Through Bennett’s actions, he significantly blurred the boundaries between the political establishment and the military establishment. He relied upon, and leveraged, the institutional infrastructure of the hesder yeshivas and the mekhinot, with their abiding religious solidarity, the influence held by the rabbinical figures over the religious soldiers, and the connections between these rabbis and Habayit Hayehudi.
This was a strategic move, as well.
Yes. He exploits it in order to say: My influence is not merely that of coalition politics. I have influence over what is actually done within the army and I will exploit and leverage it so as to gain advantage in political bargaining.
Religious Zionism presents the withdrawal from Gaza as a test of loyalty that was successfully met. They charge that in spite of the complexity of the matter, in the end there were only about 60 soldiers put on trial for refusing orders.
The claim by religious Zionism that the disengagement was an episode during which it faced a test of loyalty is deceptive. The army carried on dialogue with heads of the mekhinot and the hesder yeshivas, and ultimately “showed sensitivity” – in the words of then-Chief of Staff Halutz. In those circles that were close to clashing with the evacuees, no units that had a large religious presence were deployed, and soldiers who asked to be relieved of all sorts of problematic arrangements were relieved of their burden. The army did not compel religious soldiers to take part in a mission that was at odds with their conscience or their religious convictions. If it had done so, then it is possible that we could relate to the disengagement as a litmus test of loyalty.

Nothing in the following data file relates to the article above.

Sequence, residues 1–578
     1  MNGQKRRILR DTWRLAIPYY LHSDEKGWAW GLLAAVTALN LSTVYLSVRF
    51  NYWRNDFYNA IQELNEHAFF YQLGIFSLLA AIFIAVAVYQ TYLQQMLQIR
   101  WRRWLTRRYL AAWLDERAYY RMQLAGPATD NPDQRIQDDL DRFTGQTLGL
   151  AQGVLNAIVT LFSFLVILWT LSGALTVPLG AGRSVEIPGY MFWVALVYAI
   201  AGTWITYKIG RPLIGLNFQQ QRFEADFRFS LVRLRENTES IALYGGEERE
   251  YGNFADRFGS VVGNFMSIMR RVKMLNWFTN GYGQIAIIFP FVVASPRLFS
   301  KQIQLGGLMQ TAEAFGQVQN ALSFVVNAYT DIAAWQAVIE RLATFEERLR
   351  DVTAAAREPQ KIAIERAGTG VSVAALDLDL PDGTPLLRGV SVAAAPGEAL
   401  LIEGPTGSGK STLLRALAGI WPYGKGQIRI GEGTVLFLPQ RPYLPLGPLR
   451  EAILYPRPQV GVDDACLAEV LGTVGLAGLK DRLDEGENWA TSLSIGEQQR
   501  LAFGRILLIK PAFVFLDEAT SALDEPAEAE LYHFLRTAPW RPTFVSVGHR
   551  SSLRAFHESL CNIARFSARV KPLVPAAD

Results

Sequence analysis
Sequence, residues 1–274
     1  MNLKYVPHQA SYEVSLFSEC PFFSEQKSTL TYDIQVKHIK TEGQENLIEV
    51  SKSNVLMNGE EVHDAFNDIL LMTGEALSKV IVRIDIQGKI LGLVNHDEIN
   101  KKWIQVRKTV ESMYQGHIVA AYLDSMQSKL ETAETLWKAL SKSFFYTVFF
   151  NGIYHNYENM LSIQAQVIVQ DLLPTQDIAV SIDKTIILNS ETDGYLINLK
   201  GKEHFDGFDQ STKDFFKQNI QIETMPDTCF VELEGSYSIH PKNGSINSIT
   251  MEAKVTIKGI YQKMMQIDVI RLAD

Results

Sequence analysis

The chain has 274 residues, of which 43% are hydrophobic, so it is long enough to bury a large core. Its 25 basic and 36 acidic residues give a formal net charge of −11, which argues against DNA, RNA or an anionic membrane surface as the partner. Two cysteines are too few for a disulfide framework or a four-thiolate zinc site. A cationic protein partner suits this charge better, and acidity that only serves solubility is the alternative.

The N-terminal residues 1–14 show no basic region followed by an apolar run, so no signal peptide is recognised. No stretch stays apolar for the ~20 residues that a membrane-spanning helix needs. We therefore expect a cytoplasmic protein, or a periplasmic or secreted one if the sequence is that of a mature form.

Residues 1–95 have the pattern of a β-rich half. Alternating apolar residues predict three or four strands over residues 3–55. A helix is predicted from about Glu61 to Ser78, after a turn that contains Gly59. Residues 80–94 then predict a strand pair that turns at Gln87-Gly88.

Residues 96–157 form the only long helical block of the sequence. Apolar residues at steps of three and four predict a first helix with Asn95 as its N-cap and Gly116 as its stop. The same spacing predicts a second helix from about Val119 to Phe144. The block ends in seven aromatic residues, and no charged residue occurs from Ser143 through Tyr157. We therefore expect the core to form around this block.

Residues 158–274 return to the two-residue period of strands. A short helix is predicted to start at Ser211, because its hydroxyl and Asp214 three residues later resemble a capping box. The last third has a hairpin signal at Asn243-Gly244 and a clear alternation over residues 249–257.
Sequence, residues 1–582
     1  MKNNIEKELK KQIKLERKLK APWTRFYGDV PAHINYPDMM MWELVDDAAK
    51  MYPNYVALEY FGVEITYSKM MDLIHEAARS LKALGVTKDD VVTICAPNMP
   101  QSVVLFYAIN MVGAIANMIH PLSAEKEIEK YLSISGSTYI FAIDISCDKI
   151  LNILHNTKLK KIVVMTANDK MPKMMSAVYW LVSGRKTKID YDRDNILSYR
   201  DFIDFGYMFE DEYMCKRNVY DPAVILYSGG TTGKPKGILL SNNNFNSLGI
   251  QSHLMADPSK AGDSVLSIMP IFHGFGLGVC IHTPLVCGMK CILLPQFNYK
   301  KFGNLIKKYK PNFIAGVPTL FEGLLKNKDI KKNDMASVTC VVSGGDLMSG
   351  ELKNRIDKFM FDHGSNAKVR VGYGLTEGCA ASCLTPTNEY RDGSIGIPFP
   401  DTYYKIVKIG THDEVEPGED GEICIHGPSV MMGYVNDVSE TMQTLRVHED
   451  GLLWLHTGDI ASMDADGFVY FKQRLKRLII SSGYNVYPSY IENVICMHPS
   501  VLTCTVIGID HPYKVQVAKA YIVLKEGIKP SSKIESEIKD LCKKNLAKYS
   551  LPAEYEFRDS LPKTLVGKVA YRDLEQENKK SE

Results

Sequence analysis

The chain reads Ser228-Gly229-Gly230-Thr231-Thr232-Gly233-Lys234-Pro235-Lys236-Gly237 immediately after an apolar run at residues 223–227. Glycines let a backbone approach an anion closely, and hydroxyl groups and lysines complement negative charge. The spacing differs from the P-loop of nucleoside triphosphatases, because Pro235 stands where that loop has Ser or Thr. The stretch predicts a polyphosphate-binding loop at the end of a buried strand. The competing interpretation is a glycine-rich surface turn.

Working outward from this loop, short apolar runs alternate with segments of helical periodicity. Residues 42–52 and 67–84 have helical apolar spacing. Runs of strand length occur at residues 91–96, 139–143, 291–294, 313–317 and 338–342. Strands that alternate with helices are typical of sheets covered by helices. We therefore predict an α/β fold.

If that is so, the Gaza pullout cannot serve as an test case for future evacuations, if there are any.
Absolutely not. Note what happens in the isolated cases in which evacuation is called for. When Ehud Barak as minister of defense wanted to evacuate a disputed building in Hebron [in 2012], he used Border Police forces. Similarly, in the Dreinoff compound incident [earlier this year, when residential buildings constructed on Palestinian-owned land in Beit El were demolished], they used Israel Police and Border Police forces – not the IDF. The army lacks any real capacity to deal with this sort of scenario.
And what will happen in the event of the improbable scenario that tomorrow there is a need to evacuate the West Bank?
The army’s concern regarding a situation in which major evacuation operations might drag it down into a massive conflict causes it to send messages to the political leadership to the effect that it is not interested in dealing with this, and that it is a matter for the police. The spread of the unlawful settlement outposts would not have been made possible from the outset without the army. Meaning that no such dilemma really exists.
Several of the IDF’s organizational consultants wrote in an article in the defense establishment’s journal Maarachot that as religious Zionism continues to be more present in the army’s units, the need of soldiers to carry out orders as a show of solidarity with the general public grows weaker. Given the fact that evacuation of the West Bank would be much more difficult, because many more settlements and soldiers would be involved, and the fact that the ideological nucleus is becoming much firmer – such an evacuation would be tenable only under extremely rare circumstances.
Essentially, you are saying that it wouldn’t happen.
When he left the army, Rontzki said, “To think that it is possible to impose on the army the mission of evacuating the settlements is an idle thought, because everyone has a relative who lives there.” Therefore, the litmus test of loyalty offered up by the religious Zionism movement is little more than a bluff.
What would you say to someone who contends that you are simply motivated by prejudice, by hatred of the ultra-Orthodox, and in promoting stereotypes?
As someone whose grandfather was the chief rabbi of Turin and whose cousin is the chief rabbi of Florence, any such statement is meaningless.